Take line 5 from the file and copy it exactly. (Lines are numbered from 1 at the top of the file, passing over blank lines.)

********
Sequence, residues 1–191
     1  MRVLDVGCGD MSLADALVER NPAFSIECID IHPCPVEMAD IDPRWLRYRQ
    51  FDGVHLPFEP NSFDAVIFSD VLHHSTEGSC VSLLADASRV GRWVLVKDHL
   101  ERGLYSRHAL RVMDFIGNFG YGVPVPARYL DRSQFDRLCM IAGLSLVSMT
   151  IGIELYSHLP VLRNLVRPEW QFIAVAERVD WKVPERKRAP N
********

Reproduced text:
   151  IGIELYSHLP VLRNLVRPEW QFIAVAERVD WKVPERKRAP N